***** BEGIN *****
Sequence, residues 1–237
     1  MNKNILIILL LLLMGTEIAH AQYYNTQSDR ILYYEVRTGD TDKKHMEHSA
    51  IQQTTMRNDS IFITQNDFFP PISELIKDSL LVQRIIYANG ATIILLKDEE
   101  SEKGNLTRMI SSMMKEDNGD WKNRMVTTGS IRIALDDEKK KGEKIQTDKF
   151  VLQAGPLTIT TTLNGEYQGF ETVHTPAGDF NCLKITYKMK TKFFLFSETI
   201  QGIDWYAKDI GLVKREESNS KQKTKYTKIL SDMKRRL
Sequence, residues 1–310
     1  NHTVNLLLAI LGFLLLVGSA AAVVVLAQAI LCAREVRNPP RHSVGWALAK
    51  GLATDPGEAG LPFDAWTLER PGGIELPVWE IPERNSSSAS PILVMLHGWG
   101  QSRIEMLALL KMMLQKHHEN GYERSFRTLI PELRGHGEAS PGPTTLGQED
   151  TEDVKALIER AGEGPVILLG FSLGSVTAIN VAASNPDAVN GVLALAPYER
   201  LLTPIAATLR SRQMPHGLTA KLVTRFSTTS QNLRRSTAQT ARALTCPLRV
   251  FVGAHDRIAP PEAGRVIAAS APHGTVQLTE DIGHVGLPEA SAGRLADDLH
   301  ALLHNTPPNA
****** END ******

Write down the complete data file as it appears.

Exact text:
Sequence, residues 1–237
     1  MNKNILIILL LLLMGTEIAH AQYYNTQSDR ILYYEVRTGD TDKKHMEHSA
    51  IQQTTMRNDS IFITQNDFFP PISELIKDSL LVQRIIYANG ATIILLKDEE
   101  SEKGNLTRMI SSMMKEDNGD WKNRMVTTGS IRIALDDEKK KGEKIQTDKF
   151  VLQAGPLTIT TTLNGEYQGF ETVHTPAGDF NCLKITYKMK TKFFLFSETI
   201  QGIDWYAKDI GLVKREESNS KQKTKYTKIL SDMKRRL
Sequence, residues 1–310
     1  NHTVNLLLAI LGFLLLVGSA AAVVVLAQAI LCAREVRNPP RHSVGWALAK
    51  GLATDPGEAG LPFDAWTLER PGGIELPVWE IPERNSSSAS PILVMLHGWG
   101  QSRIEMLALL KMMLQKHHEN GYERSFRTLI PELRGHGEAS PGPTTLGQED
   151  TEDVKALIER AGEGPVILLG FSLGSVTAIN VAASNPDAVN GVLALAPYER
   201  LLTPIAATLR SRQMPHGLTA KLVTRFSTTS QNLRRSTAQT ARALTCPLRV
   251  FVGAHDRIAP PEAGRVIAAS APHGTVQLTE DIGHVGLPEA SAGRLADDLH
   301  ALLHNTPPNA